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Home > National > Oregon's Indian Tribes > Confederated Tribes of the Umatilla Indian Reservation

Confederated Tribes of the Umatilla Indian Reservation

A teepee at the Museum at Tamástslikt Cultural Institute on the Umatilla Indian Reservation. (Scenic photo No. umaDA0007)

A teepee at the Museum at Tamástslikt Cultural Institute on the Umatilla Indian Reservation. (Scenic photo No. umaDA0007)

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Contact
Address: 46411 Ti’mine Way, Pendleton 97801
Phone: 541-276-3165
E-mail: info@ctuir.org
Web: www.ctuir.org


About
Treaty Date: June 9, 1855; 12 Stat. 945
Number of Members: 2,893
Land Base Acreage: 172,000 acres
Number of people employed by the Tribes: 1,734


Economy
 Prior to the 1855 Treaty, the Tribes’ economy consisted primarily of intertribal trade, livestock, trade with fur companies, hunting, fishing and gathering. Today, the economy includes agriculture, livestock, tourism, a travel plaza, grain elevator, the Wildhorse Resort (casino, hotel, RV Park, golf course), Tamástslikt Cultural Institute, Cayuse Technologies, and Coyote Business Park, a 520 acre commercial and light industrial business development on Interstate 84. The reservation is also home to the Umatilla National Forest Supervisor’s Office.


Points of interest
Tamástslikt Cultural Institute, Wildhorse Resort & Casino, Wildhorse Golf Course, Nix-yá-wii Warriors Memorial, Crow’s Shadow Institute of the Arts, Indian Lake Recreation Area, seasonal upland gamebird and turkey hunting.


Confederated Tribes of the Umatilla Indian Reservation Map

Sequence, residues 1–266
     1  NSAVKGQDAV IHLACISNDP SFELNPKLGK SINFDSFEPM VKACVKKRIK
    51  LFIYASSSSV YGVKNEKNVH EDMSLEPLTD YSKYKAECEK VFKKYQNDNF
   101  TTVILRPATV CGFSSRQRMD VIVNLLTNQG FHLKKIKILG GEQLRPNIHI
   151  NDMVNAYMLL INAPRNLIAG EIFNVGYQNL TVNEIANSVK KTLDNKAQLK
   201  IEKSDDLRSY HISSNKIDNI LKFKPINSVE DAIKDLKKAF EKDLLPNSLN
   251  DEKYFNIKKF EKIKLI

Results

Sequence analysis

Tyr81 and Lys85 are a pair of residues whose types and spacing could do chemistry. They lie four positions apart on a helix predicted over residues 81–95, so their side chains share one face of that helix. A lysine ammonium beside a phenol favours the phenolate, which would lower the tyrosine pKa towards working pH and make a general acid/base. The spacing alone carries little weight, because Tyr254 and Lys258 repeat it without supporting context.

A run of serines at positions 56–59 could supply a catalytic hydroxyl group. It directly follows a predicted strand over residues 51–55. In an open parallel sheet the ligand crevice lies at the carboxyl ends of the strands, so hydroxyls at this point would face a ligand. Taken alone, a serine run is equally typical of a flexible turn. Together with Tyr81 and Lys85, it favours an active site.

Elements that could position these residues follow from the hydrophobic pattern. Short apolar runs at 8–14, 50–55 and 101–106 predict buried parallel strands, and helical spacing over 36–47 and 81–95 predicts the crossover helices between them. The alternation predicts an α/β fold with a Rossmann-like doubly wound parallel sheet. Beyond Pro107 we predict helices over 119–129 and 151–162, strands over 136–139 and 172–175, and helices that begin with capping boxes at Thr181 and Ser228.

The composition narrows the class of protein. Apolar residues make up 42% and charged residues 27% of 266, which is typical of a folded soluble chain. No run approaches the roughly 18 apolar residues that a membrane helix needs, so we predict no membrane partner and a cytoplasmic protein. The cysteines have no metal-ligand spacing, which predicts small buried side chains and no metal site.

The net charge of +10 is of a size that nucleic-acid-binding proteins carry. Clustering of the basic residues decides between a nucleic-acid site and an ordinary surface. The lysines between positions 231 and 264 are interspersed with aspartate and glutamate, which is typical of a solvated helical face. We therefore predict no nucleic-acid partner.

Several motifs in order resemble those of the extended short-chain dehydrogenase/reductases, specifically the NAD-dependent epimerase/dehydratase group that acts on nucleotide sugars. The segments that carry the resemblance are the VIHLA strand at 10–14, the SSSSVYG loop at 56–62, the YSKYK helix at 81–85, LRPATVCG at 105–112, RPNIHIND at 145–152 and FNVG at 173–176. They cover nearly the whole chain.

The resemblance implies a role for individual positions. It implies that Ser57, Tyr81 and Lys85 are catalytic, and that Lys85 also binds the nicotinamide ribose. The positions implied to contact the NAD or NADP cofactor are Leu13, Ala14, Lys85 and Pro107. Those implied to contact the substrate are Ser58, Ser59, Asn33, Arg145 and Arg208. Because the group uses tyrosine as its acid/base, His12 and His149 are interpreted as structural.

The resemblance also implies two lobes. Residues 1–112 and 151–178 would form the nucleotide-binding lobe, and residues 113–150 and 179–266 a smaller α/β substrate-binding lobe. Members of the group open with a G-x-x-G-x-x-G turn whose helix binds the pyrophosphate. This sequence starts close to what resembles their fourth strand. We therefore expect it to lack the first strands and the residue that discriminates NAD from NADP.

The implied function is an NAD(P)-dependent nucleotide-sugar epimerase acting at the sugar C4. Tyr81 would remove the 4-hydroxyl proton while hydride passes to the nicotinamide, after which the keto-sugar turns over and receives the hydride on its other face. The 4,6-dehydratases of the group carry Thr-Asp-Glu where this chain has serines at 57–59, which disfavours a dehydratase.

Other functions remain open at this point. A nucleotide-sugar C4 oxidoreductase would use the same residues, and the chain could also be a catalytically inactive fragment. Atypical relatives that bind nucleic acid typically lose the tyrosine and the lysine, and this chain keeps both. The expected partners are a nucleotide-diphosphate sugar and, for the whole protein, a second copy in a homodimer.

History and culture
Three tribes make up the CTUIR: Cayuse, Umatilla, and Walla Walla. They have lived on the Columbia River Plateau for over 10,000 years, an area of about 6.4 million acres in what is now northeastern Oregon and southeastern Washington. In 1855, the tribes and the United States Government negotiated a treaty in which the tribes ceded 6.4 million acres of land in exchange for reservation land. The CTUIR reserved rights in the treaty, including fishing and hunting rights and the right to gather traditional foods and medicines on public lands within the ceded areas.

 

The traditional religion of the tribes is called “Washat” or “Seven Drums.” Native languages are still spoken by some and a language preservation program is helping to re-establish the languages.


Tribal court
Tribal Judge William Johnson, 46411 Ti’mine Way, Pendleton 97801, 541-276-2046


Tribal council
2011-2013: Les Minthorn, Chairman; Aaron Hines, General Council Chairman; Leo Stewart, Vice-Chairman; Rosenda Shippentower, Treasurer; N. Kathryn Brigham, Secretary; Members: Fred Hill Sr., Armand Minthorn, Bob Shippentower and Woodrow Star

 

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